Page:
“Wait a minute,” says the other. “Why are you so depressed?”

His friend replied, “This week — nothing!”

A person with high self-esteem would be a lot more grateful. And his gratefulness would almost guarantee a great, full life.

11. The Mask Wearer

Another behavioral sign of low self-esteem comes with “The Mask Wearer.” She’s the person who is convinced that no one would accept her as she is. So she covers up her real self by wearing a mask. She tries to figure out what kind of person others would like, and then she pretends to be that kind of person.

Of course, this is a dangerous strategy. If she’s able to fool people, if she’s able to wear a mask and convince people that that’s who she really is, she’s in trouble when she gets complimented. The compliments turn into self-loathing. She knows that people like her mask, and she’s persuaded they would never like her.

Some people wear a mask of self-importance. They “pretend” they’re more important than they really are. I see this in the business world all too often, and then those same people wonder why they have difficulty building a close-knit team.

I remember one confident young man who broke through someone else’s mask. He had tried over and over again to get an appointment with a certain executive — but with no success.

Finally he was able to see the man’s secretary. He gave her an envelope with his card and a note inside. She delivered it, and the executive came right out.

Of course she wondered how the young man had done it. Simple. On the back of his card he had written, “This morning I talked to God for 15 minutes. How come I can’t talk to you?”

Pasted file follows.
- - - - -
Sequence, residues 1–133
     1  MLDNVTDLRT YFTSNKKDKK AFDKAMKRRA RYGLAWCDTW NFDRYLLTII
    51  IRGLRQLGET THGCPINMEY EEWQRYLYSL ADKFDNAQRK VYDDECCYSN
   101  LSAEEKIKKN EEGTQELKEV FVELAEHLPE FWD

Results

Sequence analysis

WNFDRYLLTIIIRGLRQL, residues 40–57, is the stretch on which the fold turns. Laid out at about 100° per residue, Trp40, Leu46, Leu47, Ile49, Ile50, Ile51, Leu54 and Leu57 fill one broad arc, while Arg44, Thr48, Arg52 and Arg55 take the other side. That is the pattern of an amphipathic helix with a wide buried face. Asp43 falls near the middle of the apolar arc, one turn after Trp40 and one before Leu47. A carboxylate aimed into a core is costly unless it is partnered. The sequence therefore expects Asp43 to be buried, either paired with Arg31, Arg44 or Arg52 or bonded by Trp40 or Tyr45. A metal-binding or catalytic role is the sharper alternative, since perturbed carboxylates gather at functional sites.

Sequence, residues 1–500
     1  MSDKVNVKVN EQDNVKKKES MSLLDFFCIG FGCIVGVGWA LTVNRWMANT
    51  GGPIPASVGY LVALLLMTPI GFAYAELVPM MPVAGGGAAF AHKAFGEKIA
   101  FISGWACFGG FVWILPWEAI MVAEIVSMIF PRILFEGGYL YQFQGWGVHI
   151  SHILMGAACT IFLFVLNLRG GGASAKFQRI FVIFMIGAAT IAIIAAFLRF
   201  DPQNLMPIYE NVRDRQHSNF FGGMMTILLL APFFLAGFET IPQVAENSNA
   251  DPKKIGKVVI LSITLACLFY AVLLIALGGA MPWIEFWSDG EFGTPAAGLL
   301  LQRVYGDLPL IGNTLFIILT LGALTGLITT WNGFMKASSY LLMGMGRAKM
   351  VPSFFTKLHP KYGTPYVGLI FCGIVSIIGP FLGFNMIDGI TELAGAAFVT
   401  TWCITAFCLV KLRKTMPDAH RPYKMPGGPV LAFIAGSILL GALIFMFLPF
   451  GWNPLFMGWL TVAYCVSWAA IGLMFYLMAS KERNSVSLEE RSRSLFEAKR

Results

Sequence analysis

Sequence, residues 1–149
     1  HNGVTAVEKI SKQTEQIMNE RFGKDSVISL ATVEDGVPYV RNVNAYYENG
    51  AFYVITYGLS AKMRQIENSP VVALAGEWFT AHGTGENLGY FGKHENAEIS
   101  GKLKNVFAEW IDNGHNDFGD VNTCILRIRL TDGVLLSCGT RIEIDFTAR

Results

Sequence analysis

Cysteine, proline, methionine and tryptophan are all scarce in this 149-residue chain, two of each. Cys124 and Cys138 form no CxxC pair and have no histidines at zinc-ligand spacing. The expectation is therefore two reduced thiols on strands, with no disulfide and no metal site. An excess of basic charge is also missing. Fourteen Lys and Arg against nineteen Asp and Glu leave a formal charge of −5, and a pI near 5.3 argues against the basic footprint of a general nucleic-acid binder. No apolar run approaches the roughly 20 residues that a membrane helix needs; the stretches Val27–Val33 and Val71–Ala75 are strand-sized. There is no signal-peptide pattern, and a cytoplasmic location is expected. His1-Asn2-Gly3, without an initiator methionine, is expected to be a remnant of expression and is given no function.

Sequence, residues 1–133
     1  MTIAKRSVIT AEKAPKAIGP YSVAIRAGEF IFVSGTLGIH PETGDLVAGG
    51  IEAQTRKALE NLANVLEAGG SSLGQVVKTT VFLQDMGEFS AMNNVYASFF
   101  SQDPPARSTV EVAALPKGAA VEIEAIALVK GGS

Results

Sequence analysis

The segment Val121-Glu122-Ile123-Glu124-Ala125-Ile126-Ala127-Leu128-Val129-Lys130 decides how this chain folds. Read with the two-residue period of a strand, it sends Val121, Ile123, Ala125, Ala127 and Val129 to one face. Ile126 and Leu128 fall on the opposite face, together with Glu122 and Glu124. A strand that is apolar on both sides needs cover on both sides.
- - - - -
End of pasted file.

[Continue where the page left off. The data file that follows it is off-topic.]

12. The Loner

The last of the dirty dozen, the last of the 12 behavioral signs of low self-esteem is “The Loner.” He’s the shy guy.

Now certainly, some people are more reserved by nature. Some people are more introverted. And that’s okay. There’s nothing wrong with that.

I’m talking about the person who doesn’t think he has anything worthwhile to say. So he’s quiet and aloof. He doesn’t contribute much to a conversation, and he doesn’t say much at a team meeting.

Or “The Loner” may not think he has anything worthwhile to offer. So he doesn’t get too involved in deeper relationships, and he doesn’t add much to a group activity.

By contrast, a person with higher self-esteem has the confidence to get more deeply involved. He opens up, shares, contributes, and connects.

It’s like the car that skidded on wet pavement and hit a light pole. Several bystanders ran over to help the driver.

A woman was the first one to reach the victim. But a man pushed her aside. He said, “Step back lady. I’ve taken a course in first aid.”

The woman watched him for a few moments. Then she tapped him on the shoulder and said, “Pardon me, but when you get to the part about calling a doctor, I’m right here.”

Well that’s it — the 12 most frequent behaviors you’ll see when low self-esteem is present. None of them will ever do you any good.

You’ve got to stop the behavior, and you’ve got to fix the low self-esteem that leads to those behaviors. The good news is you can do it. The research has even made it quite clear how you do it. Now the question is — “Will you do it?”

Maybe it’s time you built your self-esteem. Maybe it’s time you took charge and got my 6-pack CD album on “TAKING CHARGE: 6 Strategies for Achieving More Than Ever.”

Action:  If you find yourself doing any of the four behaviors listed above, I challenge you to do just the opposite. If you’re a Nit Picker, for example, force yourself to be a Good Finder. And if you’re a Loner, force yourself to interact with others. You will be on your way to eliminating the old dysfunctional behavior as you build your self-esteem.